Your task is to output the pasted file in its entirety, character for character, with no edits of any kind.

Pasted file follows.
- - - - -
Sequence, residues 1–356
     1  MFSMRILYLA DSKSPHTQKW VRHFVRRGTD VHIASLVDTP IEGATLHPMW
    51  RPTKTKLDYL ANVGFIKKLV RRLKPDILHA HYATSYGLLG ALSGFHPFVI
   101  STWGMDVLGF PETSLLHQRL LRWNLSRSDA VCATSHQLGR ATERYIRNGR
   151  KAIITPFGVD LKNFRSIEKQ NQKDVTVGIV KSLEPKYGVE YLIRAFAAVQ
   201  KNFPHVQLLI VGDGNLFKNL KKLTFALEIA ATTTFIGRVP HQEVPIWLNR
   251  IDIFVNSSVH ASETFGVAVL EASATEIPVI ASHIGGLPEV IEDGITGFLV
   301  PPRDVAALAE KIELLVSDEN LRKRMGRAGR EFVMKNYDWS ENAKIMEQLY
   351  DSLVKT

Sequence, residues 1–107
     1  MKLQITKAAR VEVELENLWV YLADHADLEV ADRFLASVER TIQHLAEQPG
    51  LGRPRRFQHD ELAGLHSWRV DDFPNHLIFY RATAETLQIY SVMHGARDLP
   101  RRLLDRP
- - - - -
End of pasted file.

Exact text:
Sequence, residues 1–356
     1  MFSMRILYLA DSKSPHTQKW VRHFVRRGTD VHIASLVDTP IEGATLHPMW
    51  RPTKTKLDYL ANVGFIKKLV RRLKPDILHA HYATSYGLLG ALSGFHPFVI
   101  STWGMDVLGF PETSLLHQRL LRWNLSRSDA VCATSHQLGR ATERYIRNGR
   151  KAIITPFGVD LKNFRSIEKQ NQKDVTVGIV KSLEPKYGVE YLIRAFAAVQ
   201  KNFPHVQLLI VGDGNLFKNL KKLTFALEIA ATTTFIGRVP HQEVPIWLNR
   251  IDIFVNSSVH ASETFGVAVL EASATEIPVI ASHIGGLPEV IEDGITGFLV
   301  PPRDVAALAE KIELLVSDEN LRKRMGRAGR EFVMKNYDWS ENAKIMEQLY
   351  DSLVKT

Sequence, residues 1–107
     1  MKLQITKAAR VEVELENLWV YLADHADLEV ADRFLASVER TIQHLAEQPG
    51  LGRPRRFQHD ELAGLHSWRV DDFPNHLIFY RATAETLQIY SVMHGARDLP
   101  RRLLDRP